#1475 MQ-1B Predator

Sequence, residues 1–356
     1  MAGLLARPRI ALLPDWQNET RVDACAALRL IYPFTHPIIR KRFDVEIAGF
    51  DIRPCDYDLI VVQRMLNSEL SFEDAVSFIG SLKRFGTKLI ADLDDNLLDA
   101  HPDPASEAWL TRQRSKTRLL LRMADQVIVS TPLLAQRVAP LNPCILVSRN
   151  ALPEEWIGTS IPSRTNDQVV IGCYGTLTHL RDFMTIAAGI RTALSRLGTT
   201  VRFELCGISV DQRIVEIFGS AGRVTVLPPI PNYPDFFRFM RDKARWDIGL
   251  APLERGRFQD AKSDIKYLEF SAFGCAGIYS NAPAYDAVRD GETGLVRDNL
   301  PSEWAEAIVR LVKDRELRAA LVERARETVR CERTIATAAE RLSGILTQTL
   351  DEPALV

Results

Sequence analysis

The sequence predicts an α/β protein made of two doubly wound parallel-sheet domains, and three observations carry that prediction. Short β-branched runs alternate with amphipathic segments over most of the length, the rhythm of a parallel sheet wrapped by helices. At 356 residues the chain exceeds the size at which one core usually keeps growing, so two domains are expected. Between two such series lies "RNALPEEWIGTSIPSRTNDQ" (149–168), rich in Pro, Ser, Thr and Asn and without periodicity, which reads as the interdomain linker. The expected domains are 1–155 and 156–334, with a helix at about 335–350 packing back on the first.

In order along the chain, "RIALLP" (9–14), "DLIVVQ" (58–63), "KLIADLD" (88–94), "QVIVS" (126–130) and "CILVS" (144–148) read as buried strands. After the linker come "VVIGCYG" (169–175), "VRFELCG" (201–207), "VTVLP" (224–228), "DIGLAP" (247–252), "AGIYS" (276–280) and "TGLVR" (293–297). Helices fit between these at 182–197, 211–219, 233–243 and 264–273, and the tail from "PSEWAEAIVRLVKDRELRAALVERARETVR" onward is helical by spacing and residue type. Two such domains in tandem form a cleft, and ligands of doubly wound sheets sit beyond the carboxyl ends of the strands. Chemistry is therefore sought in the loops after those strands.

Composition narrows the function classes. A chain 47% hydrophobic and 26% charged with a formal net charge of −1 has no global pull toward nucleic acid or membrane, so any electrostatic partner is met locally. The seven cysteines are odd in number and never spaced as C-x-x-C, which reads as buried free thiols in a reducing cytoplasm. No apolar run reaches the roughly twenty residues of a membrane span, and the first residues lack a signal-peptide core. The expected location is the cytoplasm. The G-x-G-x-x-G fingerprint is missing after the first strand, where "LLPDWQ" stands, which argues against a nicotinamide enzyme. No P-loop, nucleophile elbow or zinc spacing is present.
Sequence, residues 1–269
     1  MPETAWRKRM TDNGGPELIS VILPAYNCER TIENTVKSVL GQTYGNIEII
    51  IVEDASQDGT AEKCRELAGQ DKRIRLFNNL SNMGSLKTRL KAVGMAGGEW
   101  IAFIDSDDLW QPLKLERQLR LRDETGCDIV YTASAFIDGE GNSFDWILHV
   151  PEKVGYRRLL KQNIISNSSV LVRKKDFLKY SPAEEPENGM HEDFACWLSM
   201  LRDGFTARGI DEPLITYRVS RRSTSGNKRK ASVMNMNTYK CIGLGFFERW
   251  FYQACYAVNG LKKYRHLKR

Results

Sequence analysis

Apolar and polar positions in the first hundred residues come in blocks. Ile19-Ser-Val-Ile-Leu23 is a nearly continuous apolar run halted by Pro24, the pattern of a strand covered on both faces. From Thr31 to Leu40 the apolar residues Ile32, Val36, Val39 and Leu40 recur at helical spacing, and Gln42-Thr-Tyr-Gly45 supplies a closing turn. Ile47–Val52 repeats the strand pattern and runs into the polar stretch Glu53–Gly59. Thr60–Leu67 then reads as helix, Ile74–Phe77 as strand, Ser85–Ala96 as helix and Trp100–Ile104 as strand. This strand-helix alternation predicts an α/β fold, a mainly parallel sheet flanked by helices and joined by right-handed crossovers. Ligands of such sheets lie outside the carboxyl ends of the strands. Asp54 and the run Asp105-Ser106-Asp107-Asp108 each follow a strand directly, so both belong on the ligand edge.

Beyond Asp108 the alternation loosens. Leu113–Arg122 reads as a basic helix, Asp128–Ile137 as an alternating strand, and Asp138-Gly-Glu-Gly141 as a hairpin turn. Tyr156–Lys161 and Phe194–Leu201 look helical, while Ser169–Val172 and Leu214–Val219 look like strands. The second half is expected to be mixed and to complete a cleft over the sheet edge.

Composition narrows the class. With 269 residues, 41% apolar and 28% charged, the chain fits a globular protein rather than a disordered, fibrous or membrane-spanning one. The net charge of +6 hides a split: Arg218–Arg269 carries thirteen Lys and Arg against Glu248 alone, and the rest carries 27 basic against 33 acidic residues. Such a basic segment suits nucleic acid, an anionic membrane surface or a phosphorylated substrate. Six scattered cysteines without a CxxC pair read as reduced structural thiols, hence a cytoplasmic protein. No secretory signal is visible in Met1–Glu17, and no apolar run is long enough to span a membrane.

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Squadron Prints Lithograph No. 1475 - 00-3015, MQ-1 Predator, 15th Attack Squadron, 432nd Operations Group, 432nd Wing, Chreech AFB, Nevada. The 15th Attack Squadron flies the MQ-1B Predator and provides combatant commanders with persistent attack, near real-time reconnaissance, target acquisition, full-motion video, and precision weapon employment. Currently, the 15 ATKS organizes, trains, and employs the MQ-1B Predator from Creech AFB, Nevada. The 15 ATKS flies missions in theater through remote split operations 24 hours a day, 7 days a week, 365 days a year. In February 2017, the 15th set a unit record for monthly flight hours with 5,397 combat hours in one month while flying close air support, intelligence, surveillance, and reconnaissance, as well as ground force, convoy, and raid support missions. The unit traces its history back to May 9, 1917, when the Aviation Section, U.S. Signal Corps stood up the 2d Aviation School Squadron, which was later redesignated the 15th Aero Squadron on August 22, 1917. The squadron served as a flying training unit between 1917-1919. After a short time on the inactive list and a series of organizational changes, the unit reemerged as the 15th Observation Squadron on January 25, 1923. During World War II, the 15th helped photo-map 160 miles of the French coast in preparation for the Normandy landing. On D-Day, the 15th achieved the first air to air victory and the first aerial victory by a tactical reconnaissance pilot in addition to two other kills. After D-Day, the 15th was the first Air Force unit to operate east of the Rhine River. After WWII, the 15th was deactivated until the 15th Tactical Reconnaissance Squadron, Photo-jet, was reactivated on February 5, 1951 in Japan and immediately deployed to Korea to provide visual and photographic reconnaissance. During this time, the squadron operated out of many bases in the Far East to fly deep penetrating missions over Russia, China, North Korea, and Manchuria. RF-86 Sabre pilots flew these top-secret, high-danger, unarmed photo reconnaissance missions deep into China and almost 1,000 miles into the Soviet Union. The missions flew at close to 600 mph, often as high as 55,000 feet. The unit flew F/RF-80s in addition to F/RF-86s during this period. In March 1954, the unit moved back to Japan and later relocated to Okinawa. The unit transitioned to RF-84s from 1956-1958 and then to the RF-101s and after moving to Kadena AFB, continued its long history of photographic reconnaissance. The unit became heavily involved in Southeast Asia in early 1965 to 1966. During the summer and fall of 1966, the squadron transitioned to the RF-4C, the aircraft that it was to operate for the next 25 years. During the 1970s and 1980s, the squadron maintained aerial surveillance capabilities in support of American ground, naval, and air forces in the Far East. The 15th Tactical Reconnaissance Squadron was deactivated October 1, 1990. The unit was reactivated as the 15th Tactical Intelligence Squadron on February 20, 1991. On April 13, 1992, the unit was re-designated as the 15th Air Intelligence Squadron. On June 1, 1994, it was once more deactivated. The unit was reactivated as the 15th Reconnaissance Squadron on 1 August 1997 as one of the first armed RPA squadrons and is historically the oldest squadron in the 432 Wing. Between 1997 and 2005, the 15th RS supported Operations JOINT ENDEAVOR, ALLIED FORCE, SOUTHERN WATCH, ENDURING FREEDOM, IRAQI FREEDOM, and NEW DAWN. In addition to its combat mission, the 15 RS also trained members of the California Air National Guardâ€™s 163d Reconnaissance Wing members to operate the MQ-1 as well as the 3rd Special operations Squadron and the 18th Reconnaissance Squadron. The 15th Reconnaissance Squadron was the first RPA squadron to fly and employ in operation Inherent Resolve in 2014. It was redesignated the 15th Attack Squadron in May 2016. The 15 ATKS has earned 15 combat streamers and 20 decorations during its distinguished history and flown 710,078 remotely piloted hours. The 15th ATKS will retire the MQ-1B Predator at Creech AFB in March 2018 as the last active duty operational squadron to fly the MQ-1 before transitioning to the fly the MQ-9A.